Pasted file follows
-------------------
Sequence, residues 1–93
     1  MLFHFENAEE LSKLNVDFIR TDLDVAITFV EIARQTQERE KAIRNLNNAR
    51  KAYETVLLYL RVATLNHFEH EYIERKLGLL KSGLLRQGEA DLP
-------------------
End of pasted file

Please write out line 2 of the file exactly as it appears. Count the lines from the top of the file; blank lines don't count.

     1  MLFHFENAEE LSKLNVDFIR TDLDVAITFV EIARQTQERE KAIRNLNNAR